Narset, Parter of Veils is an answer when card advantage matters - attrition games. We have Veil of Summer to deal with counters and discards, and Force of Negation to up how many turn 0 answers against life combos we have. And, finally, we have Hydroblast because it is one of the most efficient answers against anything that involves red.

Other sideboard options are Back to Basics, Brazen Borrower, Carpet of Flowers, Flusterstorm, Dismember, Hullbreacher, Stony Silence, and Subtlety.

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Sideboard

Scaminator (UB Scam Hybrid)

Dress Down, Stifle, and Doorkeeper Thrull can prevent Atraxa, Grand Unifier and Grief's triggers from resolving, but they don't do anything against these creatures themselves: remember that an Evoked Grief with Dress Down or the Thrull on the board doesn't discard cards, but it also isn't sacrificed! This is why, in this match, your 12/12s will make a difference, as they can match up to their creatures and aren't easily removed.

Force of Will loses value against a deck that wants to empty its hand, and Prismatic Ending doesn't have many targets; this is why they come out after game 1.

In:

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Out:

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Grixis / Temur / 4C Delver

This is one of the matches in which Dreadnought makes a difference compared to standard control lists, as they have just a few answers for our 12/12 - Molten Collapse or Brazen Borrower, usually. As both decks hurt each other's mana bases, Daze becomes an incredibly efficient counter.

Out of all our combo cards, Thrull is the weakest here and can be hit with a Lightning Bolt with Dreadnought on the stack - that's why one copy of them will come out post-side.

In:

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Out:

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Goblin Stompy

Stiflenought's rise is directly related to Goblin's popularity, considering it is as if it already had a pre-sideboard against them, with all these answers to triggered abilities. Usually, they can play around counters with Cavern of Souls, and Simian Spirit Guide likes to show up out of nowhere to pay for Daze's additional mana - that's why they come out.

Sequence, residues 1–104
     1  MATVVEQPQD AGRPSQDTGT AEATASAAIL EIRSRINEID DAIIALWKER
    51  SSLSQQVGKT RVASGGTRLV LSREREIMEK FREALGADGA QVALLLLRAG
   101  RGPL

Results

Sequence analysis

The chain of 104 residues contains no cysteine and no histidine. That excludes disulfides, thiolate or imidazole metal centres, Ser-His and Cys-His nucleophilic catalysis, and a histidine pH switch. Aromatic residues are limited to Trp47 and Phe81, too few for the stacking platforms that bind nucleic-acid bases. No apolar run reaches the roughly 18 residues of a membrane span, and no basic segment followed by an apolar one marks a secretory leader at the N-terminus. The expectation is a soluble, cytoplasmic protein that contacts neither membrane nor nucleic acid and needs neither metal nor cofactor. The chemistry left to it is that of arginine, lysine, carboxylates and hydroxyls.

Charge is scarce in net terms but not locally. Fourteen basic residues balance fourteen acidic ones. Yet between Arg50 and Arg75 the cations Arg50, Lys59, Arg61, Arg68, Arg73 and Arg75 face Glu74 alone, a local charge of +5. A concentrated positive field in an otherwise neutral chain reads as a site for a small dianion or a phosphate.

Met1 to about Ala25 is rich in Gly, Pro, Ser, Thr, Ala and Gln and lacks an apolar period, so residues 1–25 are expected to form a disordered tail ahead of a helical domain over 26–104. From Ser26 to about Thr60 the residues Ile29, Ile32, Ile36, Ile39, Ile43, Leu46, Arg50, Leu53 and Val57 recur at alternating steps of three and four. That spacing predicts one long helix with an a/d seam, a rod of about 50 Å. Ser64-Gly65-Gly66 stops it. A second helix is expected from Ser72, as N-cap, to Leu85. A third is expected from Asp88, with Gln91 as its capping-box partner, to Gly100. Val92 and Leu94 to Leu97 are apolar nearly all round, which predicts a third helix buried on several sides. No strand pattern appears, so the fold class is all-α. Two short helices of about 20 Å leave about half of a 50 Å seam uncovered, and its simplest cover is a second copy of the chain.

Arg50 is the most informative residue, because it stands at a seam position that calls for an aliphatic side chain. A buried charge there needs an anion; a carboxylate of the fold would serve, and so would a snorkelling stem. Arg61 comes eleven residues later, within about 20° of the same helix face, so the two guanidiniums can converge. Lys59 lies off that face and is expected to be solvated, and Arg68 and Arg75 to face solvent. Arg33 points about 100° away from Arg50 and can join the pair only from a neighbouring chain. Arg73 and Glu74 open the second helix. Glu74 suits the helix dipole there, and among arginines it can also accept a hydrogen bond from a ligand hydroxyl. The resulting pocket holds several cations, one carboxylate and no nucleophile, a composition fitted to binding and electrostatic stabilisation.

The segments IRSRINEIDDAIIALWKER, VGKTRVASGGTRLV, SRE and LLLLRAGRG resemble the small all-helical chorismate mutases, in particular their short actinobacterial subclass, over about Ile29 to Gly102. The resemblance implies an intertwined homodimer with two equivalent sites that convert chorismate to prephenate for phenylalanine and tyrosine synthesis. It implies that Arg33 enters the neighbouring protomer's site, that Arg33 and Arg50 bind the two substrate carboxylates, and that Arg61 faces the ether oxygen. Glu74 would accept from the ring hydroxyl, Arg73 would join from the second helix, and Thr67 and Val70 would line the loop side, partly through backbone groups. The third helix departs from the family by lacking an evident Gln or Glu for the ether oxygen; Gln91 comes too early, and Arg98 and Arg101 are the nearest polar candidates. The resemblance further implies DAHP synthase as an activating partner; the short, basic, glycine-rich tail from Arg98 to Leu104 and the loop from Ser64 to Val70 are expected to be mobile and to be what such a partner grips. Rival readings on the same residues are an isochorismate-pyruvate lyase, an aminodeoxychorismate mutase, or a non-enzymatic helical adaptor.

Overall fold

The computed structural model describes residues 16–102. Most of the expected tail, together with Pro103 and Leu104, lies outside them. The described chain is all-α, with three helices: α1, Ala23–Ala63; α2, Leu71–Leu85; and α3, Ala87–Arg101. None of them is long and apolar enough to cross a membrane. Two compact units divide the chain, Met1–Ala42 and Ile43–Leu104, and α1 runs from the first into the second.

Force of Will is still useful to prevent them from destroying your game plan with a Chalice of the Void for 1. A play that tends to happen is them being forced to use the mana from the cavern to play _____ Goblin, and use its additional mana to play Muxus, Goblin Grandee, which won't be protected against counters.

In:

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Beanstalk Control

As for this deck, it tends to be a challenging opponent because they're a more efficient Control deck, and they have answers for our 12/12. Narset post-side helps us stop Up the Beanstalk from getting out of control.

In:

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Boros Initiative

On one side, you have countless ways to prevent their dungeon activators from taking the Initiative, even if they're protected by Cavern of Souls. On another, contrary to other aggro decks, they can remove Dreadnought - even though most of these removals can be stopped by the second half of your combo: Solitude is still a triggered ability, despite everything.

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Collector Ouphe and Wasteland should give them lots of headaches in matches post-sideboards.

In:

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Final Words

In case it isn't clear yet, I like Phyrexian Dreadnought so much that I have been carrying one in my wallet for more than 20 years! Maybe one day I'll tattoo it. I'm thrilled to see it is a part of the meta again!

See you next time!